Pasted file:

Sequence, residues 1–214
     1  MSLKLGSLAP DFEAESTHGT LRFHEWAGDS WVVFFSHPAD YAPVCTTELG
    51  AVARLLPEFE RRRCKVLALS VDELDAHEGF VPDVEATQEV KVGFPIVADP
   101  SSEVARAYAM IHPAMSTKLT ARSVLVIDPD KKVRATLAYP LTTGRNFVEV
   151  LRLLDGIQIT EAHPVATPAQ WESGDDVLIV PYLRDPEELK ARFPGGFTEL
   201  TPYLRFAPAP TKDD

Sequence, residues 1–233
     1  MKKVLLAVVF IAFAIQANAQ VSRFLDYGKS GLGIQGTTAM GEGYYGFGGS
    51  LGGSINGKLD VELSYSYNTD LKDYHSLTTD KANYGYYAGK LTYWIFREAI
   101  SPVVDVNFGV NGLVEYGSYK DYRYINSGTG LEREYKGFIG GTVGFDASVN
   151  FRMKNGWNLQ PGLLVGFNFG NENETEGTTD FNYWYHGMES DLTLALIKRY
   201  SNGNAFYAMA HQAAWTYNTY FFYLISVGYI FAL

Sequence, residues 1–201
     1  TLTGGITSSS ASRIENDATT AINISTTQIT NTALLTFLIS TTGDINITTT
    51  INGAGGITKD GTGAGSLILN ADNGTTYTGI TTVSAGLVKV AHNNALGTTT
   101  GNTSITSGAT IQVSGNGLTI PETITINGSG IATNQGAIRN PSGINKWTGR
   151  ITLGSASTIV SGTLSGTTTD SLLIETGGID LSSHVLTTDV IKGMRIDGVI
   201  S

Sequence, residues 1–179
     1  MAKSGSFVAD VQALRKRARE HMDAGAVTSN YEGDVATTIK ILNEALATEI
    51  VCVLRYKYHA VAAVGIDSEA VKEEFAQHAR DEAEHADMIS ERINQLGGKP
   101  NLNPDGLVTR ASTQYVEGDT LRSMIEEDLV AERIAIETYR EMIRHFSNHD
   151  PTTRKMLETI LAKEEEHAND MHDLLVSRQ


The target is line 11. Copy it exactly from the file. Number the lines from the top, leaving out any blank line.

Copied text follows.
   151  FRMKNGWNLQ PGLLVGFNFG NENETEGTTD FNYWYHGMES DLTLALIKRY